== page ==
By Cindy Wooden
VATICAN CITY (CNS) — Pope Francis updated the “Fundamental Law of Vatican City State,” opening the possibility that laypeople can be members of its governing commission and emphasizing that the independence of the city-state is essential for the mission of the Holy See.
The previous version of the law was promulgated by St. John Paul II in 2000; his introduction to the text noted the independence of Vatican City State guaranteed “the freedom of the Apostolic See” and assured “the real and visible independence of the Roman Pontiff in the exercise of his mission in the world.”
Pope Francis’ revision of the law incorporates the mission into the text of the law itself.
The first article states, “The Vatican City State ensures the absolute and visible independence of the Holy See for the fulfillment of its high mission in the world and guarantees its unquestionable sovereignty in the international arena as well.”
While the 2000 version of the law entrusted the legislative powers for governing Vatican City State to “a commission composed by a cardinal-president and other cardinals” nominated by the pope for a five-year term, the new law says the commission “is composed of cardinals, among whom is the president, and by other members” nominated by the pope for a five-year term.
The fundamental law also includes a description and drawings of the Vatican flag, crest and seal — all of which remain unchanged. Unlike the pope’s coat of arms, however, the independent Vatican City State’s symbols feature a tiara, a symbol of temporal rule.
In 2005, Pope Benedict XVI removed the three-tiered tiara from his coat of arms. He replaced it with a miter, a symbol of his episcopal ministry, and Pope Francis maintained that practice. Although St. Paul VI was the last pope to be crowned, it was only in 1996 — with the constitution “Universi Dominici Gregis” on the vacancy of the papacy and the election of a new pope — that St. John Paul II officially substituted the coronation ceremony with the Mass for the inauguration of the pontificate.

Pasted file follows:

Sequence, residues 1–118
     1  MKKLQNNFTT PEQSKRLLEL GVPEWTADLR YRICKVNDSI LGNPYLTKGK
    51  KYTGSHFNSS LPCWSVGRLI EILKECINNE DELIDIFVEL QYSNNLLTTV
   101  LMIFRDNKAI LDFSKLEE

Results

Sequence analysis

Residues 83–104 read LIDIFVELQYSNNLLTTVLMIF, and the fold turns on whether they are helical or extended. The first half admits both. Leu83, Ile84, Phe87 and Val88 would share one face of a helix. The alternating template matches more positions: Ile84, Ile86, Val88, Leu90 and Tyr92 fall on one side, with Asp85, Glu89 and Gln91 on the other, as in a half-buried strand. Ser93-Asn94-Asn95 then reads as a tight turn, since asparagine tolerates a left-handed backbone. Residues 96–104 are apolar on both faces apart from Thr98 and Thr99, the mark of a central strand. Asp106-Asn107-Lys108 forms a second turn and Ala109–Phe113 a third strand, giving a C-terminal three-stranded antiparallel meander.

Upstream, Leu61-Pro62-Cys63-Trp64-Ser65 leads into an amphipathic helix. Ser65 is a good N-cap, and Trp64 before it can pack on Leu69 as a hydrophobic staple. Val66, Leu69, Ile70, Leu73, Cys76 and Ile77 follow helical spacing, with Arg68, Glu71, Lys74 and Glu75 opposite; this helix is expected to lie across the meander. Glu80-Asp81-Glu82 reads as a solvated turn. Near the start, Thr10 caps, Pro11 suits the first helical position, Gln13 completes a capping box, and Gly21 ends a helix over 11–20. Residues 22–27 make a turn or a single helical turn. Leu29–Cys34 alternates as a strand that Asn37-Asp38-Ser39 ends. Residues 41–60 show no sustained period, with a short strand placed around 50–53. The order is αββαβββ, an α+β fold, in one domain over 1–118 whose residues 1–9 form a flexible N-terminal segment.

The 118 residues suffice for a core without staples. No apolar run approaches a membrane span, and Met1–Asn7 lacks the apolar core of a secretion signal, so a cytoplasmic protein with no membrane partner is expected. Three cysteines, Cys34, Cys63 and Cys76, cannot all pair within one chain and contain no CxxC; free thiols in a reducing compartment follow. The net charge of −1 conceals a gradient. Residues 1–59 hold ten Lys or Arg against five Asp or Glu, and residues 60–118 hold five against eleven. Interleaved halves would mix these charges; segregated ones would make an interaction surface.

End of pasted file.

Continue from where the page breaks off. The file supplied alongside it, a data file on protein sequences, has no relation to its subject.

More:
Like St. John Paul’s version of the fundamental law, the new version stipulates: “The Supreme Pontiff, sovereign of Vatican City State, has the fullness of governmental power, which includes legislative, executive and judicial power.” He does, however, usually delegate that power to the governing commission and the Vatican City State courts.
Like the previous law, the new one also reserves to the pope “the power to grant amnesty, pardon, forgiveness and to commute punishments.”
Given the financial reforms enacted by Pope Benedict XVI and Pope Francis, the new law includes a changed and expanded section on budgeting and spending.
The commission governing Vatican City State is required to draw up a three-year financial plan, which it submits “directly to the Supreme Pontiff for approval.”
“The budget shall ensure the balance of income and expenditures and shall be inspired by the principles of clarity, transparency and fairness,” the new law says.